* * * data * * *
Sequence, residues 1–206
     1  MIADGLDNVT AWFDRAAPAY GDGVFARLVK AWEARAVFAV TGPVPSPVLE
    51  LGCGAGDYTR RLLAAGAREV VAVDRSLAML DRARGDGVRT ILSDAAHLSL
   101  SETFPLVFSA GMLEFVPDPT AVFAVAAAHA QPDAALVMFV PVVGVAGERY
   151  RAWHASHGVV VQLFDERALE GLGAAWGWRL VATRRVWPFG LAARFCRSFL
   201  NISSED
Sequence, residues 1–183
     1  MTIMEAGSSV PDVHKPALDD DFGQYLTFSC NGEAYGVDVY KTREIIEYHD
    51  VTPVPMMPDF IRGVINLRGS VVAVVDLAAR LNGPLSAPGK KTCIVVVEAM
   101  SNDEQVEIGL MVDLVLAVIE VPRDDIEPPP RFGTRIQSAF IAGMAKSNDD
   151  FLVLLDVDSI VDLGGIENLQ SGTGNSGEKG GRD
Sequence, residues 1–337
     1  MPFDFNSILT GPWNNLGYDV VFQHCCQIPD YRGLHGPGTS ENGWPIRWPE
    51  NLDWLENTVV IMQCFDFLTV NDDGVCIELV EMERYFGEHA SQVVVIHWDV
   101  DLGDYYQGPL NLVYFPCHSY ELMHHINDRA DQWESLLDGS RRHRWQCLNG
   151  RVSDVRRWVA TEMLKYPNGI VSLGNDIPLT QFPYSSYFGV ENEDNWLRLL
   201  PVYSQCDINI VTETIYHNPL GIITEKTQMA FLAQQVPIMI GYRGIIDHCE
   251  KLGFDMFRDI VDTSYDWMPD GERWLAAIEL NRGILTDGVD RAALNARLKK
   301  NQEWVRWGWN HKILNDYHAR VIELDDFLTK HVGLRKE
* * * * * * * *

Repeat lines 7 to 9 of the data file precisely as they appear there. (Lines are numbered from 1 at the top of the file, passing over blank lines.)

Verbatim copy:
Sequence, residues 1–183
     1  MTIMEAGSSV PDVHKPALDD DFGQYLTFSC NGEAYGVDVY KTREIIEYHD
    51  VTPVPMMPDF IRGVINLRGS VVAVVDLAAR LNGPLSAPGK KTCIVVVEAM